"It's a great thing and a scary thing," Randy Slack says, taking a seat in a vintage chair in his warehouse space at Legend City Studios in downtown Phoenix as The Pixies' "Monkey Gone to Heaven" plays over a speaker.
In paint-splattered shorts, a T-shirt, and battered sneakers, he's prepping for his solo debut in Los Angeles, bouncing between excited and resigned. But at this point? He's tired after two weeks of late-night painting. Hanging on a wall across the room is an 8-by-12-foot family portrait of The Brady Bunch grinning in mismatched red, brown, and blue outfits seated on a blue floral patterned couch. It's not quite finished, and Slack's unsure of just how complete he wants it to be.
It's one of seven large-scale pop art works he'll display in "SlackLand," opening on Saturday, November 14, at Stockstill Art Space, a revamped 1930 warehouse in Los Angeles' West Adams neighborhood.
This is just the second time Slack has stepped out on his own over the course of his creative career. His artistic roots are in the 3CarPileUp Collective, and over the past 16 years he's put on "Chaos Theory," an annual showcase of some of the Valley's most notable artists. He presented a retrospective at Luhrs City Center in December 2014, but apart from that he doesn't show much new work outside of "Chaos Theory."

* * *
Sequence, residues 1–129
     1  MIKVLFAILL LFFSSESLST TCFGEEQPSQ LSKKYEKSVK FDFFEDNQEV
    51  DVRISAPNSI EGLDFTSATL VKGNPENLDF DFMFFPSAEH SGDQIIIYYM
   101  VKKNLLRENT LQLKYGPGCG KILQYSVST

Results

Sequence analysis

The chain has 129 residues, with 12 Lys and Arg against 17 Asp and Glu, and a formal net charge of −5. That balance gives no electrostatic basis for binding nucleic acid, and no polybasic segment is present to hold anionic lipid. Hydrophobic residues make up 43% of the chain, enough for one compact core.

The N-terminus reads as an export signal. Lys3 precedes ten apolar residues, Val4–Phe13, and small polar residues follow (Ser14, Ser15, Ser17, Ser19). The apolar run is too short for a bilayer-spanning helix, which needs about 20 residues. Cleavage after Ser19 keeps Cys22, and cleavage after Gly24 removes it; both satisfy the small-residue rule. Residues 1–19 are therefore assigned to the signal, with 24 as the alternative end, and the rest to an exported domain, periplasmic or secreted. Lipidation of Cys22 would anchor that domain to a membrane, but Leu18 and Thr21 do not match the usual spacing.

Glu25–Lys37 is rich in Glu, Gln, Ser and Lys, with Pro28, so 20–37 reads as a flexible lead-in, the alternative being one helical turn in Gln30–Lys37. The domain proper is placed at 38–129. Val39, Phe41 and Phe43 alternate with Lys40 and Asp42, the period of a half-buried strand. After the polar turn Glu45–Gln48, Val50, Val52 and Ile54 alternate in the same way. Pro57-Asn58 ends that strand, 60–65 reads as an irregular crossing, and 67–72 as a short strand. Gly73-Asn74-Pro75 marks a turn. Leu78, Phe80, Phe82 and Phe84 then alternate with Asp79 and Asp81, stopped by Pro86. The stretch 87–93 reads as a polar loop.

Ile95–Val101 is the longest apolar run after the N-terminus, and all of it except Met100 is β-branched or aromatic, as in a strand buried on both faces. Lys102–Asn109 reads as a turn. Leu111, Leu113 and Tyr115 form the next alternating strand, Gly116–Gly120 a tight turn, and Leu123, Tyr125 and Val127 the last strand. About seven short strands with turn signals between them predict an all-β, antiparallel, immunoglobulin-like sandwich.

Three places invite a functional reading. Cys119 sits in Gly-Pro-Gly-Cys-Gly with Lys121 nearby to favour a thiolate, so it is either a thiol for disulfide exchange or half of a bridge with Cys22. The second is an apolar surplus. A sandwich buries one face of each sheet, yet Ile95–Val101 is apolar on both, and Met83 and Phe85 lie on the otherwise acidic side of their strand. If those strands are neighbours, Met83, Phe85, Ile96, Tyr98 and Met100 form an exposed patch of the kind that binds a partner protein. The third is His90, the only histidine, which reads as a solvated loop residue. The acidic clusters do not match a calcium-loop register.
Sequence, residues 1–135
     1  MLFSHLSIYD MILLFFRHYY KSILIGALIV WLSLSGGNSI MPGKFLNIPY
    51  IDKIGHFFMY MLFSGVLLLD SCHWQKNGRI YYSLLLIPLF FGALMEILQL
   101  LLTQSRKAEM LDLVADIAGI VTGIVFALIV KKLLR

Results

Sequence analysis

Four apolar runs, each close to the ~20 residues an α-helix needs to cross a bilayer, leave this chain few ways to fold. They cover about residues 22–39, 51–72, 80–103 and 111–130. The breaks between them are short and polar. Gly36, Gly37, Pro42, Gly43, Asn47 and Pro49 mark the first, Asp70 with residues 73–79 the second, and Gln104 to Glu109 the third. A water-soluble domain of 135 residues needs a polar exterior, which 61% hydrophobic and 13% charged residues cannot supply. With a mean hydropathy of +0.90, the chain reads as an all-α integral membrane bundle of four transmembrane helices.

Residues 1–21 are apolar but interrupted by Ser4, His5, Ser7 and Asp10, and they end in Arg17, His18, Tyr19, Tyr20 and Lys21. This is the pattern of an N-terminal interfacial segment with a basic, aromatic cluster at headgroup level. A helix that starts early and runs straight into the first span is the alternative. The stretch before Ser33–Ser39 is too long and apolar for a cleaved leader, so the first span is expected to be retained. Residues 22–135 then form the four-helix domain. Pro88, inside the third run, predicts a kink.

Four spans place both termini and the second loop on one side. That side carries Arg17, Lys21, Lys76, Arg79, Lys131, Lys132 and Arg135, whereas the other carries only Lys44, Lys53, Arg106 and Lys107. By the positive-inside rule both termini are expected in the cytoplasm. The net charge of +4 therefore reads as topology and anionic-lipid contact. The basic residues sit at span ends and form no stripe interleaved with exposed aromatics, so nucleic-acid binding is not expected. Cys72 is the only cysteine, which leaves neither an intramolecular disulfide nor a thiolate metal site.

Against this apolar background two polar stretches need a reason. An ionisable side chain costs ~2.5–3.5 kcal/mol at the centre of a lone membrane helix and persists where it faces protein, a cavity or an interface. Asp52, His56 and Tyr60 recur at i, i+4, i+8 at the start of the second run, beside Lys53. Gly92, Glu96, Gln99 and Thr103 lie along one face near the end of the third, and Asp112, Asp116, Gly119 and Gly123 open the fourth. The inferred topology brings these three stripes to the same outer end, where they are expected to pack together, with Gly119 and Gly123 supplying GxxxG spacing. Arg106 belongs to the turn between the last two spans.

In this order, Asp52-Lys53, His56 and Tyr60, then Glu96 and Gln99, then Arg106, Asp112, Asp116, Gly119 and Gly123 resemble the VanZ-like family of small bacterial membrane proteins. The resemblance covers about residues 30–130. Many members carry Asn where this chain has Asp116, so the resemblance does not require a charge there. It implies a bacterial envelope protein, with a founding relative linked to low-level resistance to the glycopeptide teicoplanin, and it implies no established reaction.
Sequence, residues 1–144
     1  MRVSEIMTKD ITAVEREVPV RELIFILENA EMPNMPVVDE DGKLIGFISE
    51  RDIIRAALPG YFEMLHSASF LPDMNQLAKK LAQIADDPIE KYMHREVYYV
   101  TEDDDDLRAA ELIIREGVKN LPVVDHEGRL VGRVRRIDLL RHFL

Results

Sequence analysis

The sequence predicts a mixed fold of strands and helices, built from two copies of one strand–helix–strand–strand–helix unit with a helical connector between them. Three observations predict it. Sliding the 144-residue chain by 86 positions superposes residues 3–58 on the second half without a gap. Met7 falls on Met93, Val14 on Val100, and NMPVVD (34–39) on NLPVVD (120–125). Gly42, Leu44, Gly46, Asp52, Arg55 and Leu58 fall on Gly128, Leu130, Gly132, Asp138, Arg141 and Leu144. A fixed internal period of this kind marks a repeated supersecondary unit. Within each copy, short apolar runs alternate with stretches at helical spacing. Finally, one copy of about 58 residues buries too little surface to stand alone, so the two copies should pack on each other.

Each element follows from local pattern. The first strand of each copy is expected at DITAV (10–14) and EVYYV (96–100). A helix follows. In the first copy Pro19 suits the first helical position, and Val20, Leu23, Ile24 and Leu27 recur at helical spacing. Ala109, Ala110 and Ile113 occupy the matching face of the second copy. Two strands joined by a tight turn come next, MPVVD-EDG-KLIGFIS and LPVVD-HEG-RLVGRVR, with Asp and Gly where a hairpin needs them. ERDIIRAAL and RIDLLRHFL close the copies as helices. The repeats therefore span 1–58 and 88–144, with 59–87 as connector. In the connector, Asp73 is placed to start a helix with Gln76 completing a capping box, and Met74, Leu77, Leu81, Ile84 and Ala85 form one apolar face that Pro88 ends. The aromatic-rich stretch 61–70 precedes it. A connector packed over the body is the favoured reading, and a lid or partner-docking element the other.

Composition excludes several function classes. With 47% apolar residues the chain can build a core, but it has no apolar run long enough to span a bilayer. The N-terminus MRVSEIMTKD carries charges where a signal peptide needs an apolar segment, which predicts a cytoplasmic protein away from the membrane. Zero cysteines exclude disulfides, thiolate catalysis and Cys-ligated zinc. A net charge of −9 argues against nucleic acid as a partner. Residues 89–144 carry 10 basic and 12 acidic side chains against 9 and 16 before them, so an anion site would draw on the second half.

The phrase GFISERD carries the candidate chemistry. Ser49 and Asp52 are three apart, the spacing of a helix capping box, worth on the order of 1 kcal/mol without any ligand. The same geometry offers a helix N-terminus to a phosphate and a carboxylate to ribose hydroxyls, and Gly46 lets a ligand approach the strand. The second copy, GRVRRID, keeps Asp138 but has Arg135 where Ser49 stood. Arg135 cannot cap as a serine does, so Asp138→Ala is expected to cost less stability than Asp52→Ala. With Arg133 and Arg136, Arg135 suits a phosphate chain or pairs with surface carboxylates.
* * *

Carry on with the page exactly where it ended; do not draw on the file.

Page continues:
Now though, everything seems to have clicked.
"I've never had a strong body of work," he says. But each of these pieces, from the Bradys and the Burt Reynolds-Caitlyn Jenner-Britney Spears centerfold to a Bad News Bears scene, "has that Hollywood vibe and culture."
Showing these works in California made sense for a couple reasons. West Coast imagery is an integral part of Slack's sunsoaked and beachy, vintage Volkswagen style. The woman behind Stockstill Art Space is Sarah Stockstill, a longtime friend of Slack's who's originally from Scottsdale. "I've known Randy for about 19 years," Stockstill says in an e-mail to New Times. "Randy's work still has the raw vibrant energy of his earlier works. I think over the last several years he has taken that and rolled into deeply layered and sophistic imagery."
Stockstill says that Slack is a big part of the inspiration for her space, and she cites his supportive nature toward Phoenix artists as a factor in her wanting to show Slack's work as the inaugural art exhibition.
We Believe Local Journalism is Critical to the Life of a City
Engaging with our readers is essential to Phoenix New Times's mission. Make a financial contribution or sign up for a newsletter, and help us keep telling Phoenix's stories with no paywalls.
Support Our Journalism
The timing was right, and, Slack says, there's not a space in Phoenix that's the right fit for the show — let alone the large-scale pieces of art. There's an element of validation to it, too. Slack's used to putting up his work in his own space, but showing in someone else's space takes it to another level.
He's hoping for a great turnout, for every piece to find a buyer during the show's two-month run. But he's trying to temper his expectations. "Maybe there isn't a home for my stuff," he says with a laugh.
"It would be cool for something big to happen," he says. "Things don't seem as far off as they used to."
"SlackLand" opens on Saturday, November 14, 2015 with an opening party from 7 to 11 p.m. at Stockstill Art Space, 4539 W. Adams Blvd.